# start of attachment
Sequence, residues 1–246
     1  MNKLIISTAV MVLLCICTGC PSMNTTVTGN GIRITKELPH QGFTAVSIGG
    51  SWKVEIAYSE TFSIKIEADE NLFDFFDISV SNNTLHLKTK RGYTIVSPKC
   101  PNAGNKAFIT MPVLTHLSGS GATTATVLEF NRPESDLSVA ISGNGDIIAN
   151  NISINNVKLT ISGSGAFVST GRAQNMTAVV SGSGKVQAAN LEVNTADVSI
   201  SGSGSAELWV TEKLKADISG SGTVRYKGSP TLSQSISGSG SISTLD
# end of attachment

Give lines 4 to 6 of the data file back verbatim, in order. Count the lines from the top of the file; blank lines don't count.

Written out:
   101  PNAGNKAFIT MPVLTHLSGS GATTATVLEF NRPESDLSVA ISGNGDIIAN
   151  NISINNVKLT ISGSGAFVST GRAQNMTAVV SGSGKVQAAN LEVNTADVSI
   201  SGSGSAELWV TEKLKADISG SGTVRYKGSP TLSQSISGSG SISTLD